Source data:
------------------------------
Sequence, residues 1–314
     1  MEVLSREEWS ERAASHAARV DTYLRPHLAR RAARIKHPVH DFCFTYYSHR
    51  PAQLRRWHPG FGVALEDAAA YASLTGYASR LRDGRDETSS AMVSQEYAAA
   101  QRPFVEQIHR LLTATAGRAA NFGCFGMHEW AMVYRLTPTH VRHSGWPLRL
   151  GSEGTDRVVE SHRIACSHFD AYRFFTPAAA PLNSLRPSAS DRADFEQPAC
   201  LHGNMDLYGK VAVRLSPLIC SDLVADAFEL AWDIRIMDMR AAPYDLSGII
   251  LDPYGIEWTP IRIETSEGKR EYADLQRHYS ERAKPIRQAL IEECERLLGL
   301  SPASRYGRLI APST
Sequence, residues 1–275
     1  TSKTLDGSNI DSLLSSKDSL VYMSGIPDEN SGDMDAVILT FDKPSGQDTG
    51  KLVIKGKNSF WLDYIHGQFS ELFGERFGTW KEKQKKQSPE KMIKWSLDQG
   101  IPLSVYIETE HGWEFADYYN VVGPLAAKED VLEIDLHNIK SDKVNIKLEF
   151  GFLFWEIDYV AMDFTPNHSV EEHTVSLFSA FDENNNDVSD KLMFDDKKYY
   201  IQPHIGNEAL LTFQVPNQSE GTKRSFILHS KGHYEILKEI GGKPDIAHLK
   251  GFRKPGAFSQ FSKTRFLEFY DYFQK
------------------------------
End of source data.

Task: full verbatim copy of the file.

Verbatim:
Sequence, residues 1–314
     1  MEVLSREEWS ERAASHAARV DTYLRPHLAR RAARIKHPVH DFCFTYYSHR
    51  PAQLRRWHPG FGVALEDAAA YASLTGYASR LRDGRDETSS AMVSQEYAAA
   101  QRPFVEQIHR LLTATAGRAA NFGCFGMHEW AMVYRLTPTH VRHSGWPLRL
   151  GSEGTDRVVE SHRIACSHFD AYRFFTPAAA PLNSLRPSAS DRADFEQPAC
   201  LHGNMDLYGK VAVRLSPLIC SDLVADAFEL AWDIRIMDMR AAPYDLSGII
   251  LDPYGIEWTP IRIETSEGKR EYADLQRHYS ERAKPIRQAL IEECERLLGL
   301  SPASRYGRLI APST
Sequence, residues 1–275
     1  TSKTLDGSNI DSLLSSKDSL VYMSGIPDEN SGDMDAVILT FDKPSGQDTG
    51  KLVIKGKNSF WLDYIHGQFS ELFGERFGTW KEKQKKQSPE KMIKWSLDQG
   101  IPLSVYIETE HGWEFADYYN VVGPLAAKED VLEIDLHNIK SDKVNIKLEF
   151  GFLFWEIDYV AMDFTPNHSV EEHTVSLFSA FDENNNDVSD KLMFDDKKYY
   201  IQPHIGNEAL LTFQVPNQSE GTKRSFILHS KGHYEILKEI GGKPDIAHLK
   251  GFRKPGAFSQ FSKTRFLEFY DYFQK